Chapter 16
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A Fire That Never Stops Burning

Nashville YA author Sharon Cameron delivers her latest fantasy adventure

“My memories are like words piled on words on pages that are infinite in ink that is indelible. As sharp and fresh as the day they were written,” explains Samara Archiva, the eighteen-year-old protagonist of Sharon Cameron’s latest YA fantasy, The Knowing. Samara is one of “the Knowing,” people who remember everything they have ever experienced: “I saw [my brother] die, and I have lived that death a thousand times. I will live it ten thousand more. When you cannot forget, pain is a fire that never stops burning,” Sam says. “What have we done to be punished with this life?”

Photo: Rusty Russell

Sam lives on a planet colonized by Earth hundreds of years earlier through the Canaan Project, a mission designed to establish a society void of technology. The goal was “to regress rather than advance” as a way to restore harmony between humanity and the natural environment—a harmony mission leaders believed had been lost on Earth. But once they reached their destination, the colonists lost contact with Earth. A second ship sent to find them decades later was likewise lost. In The Knowing, eighteen-year-old Beckett Rodriguez has arrived, along with his anthropologist parents and other scientists and military leaders, to discover once and for all what has become of the lost colony. What Beck expects to find are ruins, pottery shards, and manuscripts.

What he finds instead is Sam, on a brave but foolhardy mission to balance the scales within her society. The Knowing are privileged but psychologically damaged cave-dwellers who inhabit the Underneath. They are served by a village full of oppressed and brutalized tradespeople who live Outside. If Sam can uncover the secret to Forgetting, she can end the emotional pain experienced by the Knowing—a pain that often leads the weakest members to suicide—and break their elitist stranglehold on society. But the rulers of the Knowing have no intention of Forgetting and will do anything to maintain the status quo.

The ensuing adventure story is as compelling and well-written as Cameron’s earlier volume in the series, the number-one New York Times bestseller, The Forgetting. By combining social commentary, political manifesto, world-building, and youthful idealism, Cameron illustrates how easily the pendulum can swing from a society that remembers too little to one that knows too much, and how those in power can manipulate either scenario to their own ends. All that’s required is patience, time, and the cold-blooded willingness to do whatever it takes, no matter who gets hurt.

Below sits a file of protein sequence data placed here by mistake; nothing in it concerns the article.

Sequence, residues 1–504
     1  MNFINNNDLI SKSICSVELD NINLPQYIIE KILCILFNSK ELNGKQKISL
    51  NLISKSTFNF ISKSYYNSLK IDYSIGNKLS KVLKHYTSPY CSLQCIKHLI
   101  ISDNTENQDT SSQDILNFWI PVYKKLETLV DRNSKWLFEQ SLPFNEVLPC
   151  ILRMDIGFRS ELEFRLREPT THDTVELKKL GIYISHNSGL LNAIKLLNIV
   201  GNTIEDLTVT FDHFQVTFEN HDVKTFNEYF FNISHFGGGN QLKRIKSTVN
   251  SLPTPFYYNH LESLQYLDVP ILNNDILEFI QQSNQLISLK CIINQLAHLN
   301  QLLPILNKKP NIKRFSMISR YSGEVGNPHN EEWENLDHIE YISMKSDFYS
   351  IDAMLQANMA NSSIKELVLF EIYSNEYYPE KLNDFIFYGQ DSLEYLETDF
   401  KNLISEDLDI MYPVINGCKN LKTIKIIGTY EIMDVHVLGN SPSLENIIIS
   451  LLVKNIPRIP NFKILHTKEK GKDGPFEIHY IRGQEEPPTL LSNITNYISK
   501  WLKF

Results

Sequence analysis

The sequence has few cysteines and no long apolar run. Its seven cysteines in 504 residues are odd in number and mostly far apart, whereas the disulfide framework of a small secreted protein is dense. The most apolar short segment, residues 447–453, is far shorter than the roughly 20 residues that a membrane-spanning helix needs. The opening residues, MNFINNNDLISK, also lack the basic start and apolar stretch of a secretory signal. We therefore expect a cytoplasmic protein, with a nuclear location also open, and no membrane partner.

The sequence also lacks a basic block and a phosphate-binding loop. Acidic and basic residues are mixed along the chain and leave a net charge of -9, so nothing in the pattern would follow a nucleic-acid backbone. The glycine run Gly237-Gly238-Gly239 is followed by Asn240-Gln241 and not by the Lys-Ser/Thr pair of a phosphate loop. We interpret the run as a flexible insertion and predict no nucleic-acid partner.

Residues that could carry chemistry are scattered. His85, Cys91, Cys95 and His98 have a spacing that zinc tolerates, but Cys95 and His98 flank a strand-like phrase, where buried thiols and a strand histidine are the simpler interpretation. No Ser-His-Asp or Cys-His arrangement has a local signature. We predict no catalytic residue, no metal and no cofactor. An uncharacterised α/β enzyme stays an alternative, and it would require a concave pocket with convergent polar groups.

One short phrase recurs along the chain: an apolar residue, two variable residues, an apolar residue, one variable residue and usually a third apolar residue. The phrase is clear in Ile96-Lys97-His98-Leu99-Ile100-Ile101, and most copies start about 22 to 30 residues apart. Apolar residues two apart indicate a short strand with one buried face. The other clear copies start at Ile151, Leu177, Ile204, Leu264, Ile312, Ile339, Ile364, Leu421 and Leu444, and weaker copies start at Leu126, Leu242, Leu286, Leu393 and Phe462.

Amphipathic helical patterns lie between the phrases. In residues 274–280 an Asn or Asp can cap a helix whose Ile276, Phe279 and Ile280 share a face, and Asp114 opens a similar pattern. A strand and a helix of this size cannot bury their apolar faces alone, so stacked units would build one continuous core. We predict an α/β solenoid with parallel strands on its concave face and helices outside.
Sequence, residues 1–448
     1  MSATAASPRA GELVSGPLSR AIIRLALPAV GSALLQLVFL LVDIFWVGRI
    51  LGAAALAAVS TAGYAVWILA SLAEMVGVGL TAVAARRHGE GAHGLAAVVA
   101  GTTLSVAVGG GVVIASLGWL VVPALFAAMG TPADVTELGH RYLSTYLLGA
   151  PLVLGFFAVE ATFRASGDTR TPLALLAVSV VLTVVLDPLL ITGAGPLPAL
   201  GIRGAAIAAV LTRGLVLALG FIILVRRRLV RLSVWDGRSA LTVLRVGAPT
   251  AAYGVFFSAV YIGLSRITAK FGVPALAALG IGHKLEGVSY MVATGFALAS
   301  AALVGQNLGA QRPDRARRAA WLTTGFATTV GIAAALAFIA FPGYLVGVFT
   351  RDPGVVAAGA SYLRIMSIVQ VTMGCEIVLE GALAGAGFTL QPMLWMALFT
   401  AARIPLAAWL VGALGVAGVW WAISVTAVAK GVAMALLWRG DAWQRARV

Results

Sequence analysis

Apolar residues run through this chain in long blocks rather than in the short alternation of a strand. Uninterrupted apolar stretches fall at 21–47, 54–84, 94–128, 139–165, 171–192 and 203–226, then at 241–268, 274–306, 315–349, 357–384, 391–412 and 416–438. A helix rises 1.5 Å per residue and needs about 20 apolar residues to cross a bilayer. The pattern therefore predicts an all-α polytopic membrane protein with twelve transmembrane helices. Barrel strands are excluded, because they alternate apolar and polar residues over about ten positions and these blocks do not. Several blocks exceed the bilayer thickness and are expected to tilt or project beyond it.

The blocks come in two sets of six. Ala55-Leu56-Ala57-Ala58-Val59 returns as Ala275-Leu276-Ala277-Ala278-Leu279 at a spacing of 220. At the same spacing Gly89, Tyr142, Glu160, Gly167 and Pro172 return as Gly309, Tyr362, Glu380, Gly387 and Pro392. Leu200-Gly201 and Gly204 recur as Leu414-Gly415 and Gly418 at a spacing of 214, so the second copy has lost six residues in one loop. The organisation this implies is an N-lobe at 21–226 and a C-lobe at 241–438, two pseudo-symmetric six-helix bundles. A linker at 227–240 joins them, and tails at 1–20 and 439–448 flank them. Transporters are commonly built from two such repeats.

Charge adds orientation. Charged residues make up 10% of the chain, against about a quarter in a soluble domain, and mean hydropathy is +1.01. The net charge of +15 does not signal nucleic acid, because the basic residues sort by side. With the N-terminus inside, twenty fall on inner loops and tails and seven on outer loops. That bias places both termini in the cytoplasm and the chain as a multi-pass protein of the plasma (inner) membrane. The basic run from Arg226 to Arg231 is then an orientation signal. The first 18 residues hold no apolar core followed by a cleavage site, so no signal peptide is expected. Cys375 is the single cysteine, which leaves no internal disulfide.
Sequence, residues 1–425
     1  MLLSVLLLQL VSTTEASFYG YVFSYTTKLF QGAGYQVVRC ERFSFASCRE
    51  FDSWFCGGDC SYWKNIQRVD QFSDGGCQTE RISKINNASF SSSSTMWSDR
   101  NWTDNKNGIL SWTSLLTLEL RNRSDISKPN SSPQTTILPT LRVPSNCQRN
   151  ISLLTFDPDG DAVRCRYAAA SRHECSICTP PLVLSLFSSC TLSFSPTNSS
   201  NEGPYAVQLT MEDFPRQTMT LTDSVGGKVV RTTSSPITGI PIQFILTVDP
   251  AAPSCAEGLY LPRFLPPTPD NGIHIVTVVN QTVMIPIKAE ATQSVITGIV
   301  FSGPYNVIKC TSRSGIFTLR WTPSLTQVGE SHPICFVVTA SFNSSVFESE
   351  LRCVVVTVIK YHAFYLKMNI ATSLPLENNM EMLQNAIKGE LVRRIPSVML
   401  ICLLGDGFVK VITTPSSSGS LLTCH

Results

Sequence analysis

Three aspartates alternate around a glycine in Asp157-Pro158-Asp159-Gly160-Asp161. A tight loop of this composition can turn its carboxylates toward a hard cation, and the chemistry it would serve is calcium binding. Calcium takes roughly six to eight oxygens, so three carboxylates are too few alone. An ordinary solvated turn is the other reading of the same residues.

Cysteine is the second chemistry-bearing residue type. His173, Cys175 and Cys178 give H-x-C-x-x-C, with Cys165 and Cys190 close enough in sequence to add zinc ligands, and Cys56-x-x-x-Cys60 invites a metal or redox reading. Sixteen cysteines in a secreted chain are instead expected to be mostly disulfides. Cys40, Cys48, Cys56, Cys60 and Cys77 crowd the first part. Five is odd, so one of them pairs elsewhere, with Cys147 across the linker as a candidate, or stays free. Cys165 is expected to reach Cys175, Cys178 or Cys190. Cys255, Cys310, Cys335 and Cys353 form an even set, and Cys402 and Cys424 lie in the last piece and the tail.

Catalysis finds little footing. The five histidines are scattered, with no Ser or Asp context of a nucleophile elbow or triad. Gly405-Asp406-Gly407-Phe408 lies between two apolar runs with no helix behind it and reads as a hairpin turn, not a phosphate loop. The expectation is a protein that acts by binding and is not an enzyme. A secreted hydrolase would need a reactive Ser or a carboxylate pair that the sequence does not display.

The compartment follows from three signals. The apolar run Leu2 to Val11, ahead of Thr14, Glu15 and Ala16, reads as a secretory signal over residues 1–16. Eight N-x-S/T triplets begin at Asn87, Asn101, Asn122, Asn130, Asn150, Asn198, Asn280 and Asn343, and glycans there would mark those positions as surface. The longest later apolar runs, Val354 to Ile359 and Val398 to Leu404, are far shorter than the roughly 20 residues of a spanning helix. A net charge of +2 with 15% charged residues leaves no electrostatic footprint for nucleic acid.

The book is narrated in alternating chapters by Cameron’s two sympathetic young heroes, Sam and Beck. Although from different worlds, they share a similar sensibility. Trust comes slowly, but they eventually learn to work as a team. Sam provides the will and the knowledge from her vast internal stores of information: “[M]y mind is like the Archives of my city, a deep, forbidden place crammed with books no one wants or will ever use. I shuffle carefully through the volumes in my head,” she says. “What I’m looking for is the memory of a map.”

Beck provides the technology (including digitally enhanced eyeglasses), a love for his work, and a growing realization that the motives behind his own mission may be less than pure: “I feel my pulse pick up. I know this is going to be dangerous, maybe stupid. And that blinking light in the lenses tells me that this place is hiding more secrets than just a city Underneath. But I wanted to see history. Living and breathing. I wanted to see what became of Canaan. And here is what they built. Not a theory or a scientist’s speculation. Real. The answer to a lifelong dream.”

Despite all the danger, heartbreak, and chaos swirling around them, Sam and Beck begin to feel a powerful attraction, though for the Knowing, the greatest risk is to love. “Mother was right about one thing,” Sam thinks. “Love ruins you. And life is easier without it. Which is exactly what I had planned. To live without it. Until now.” Slowly, Beck begins to understand the nature of that risk: “If I were to forget her, like people tend to do, then her heart would be just as broken as mine. Only her pain would never fade, not until the end of time. She would still live it, because she would remember. To betray her now would be to devastate her. Like a knife to the gut.” Ultimately Beck will do whatever he must to protect Sam, even if it means helping her to forget—even if it means helping her to forget him.

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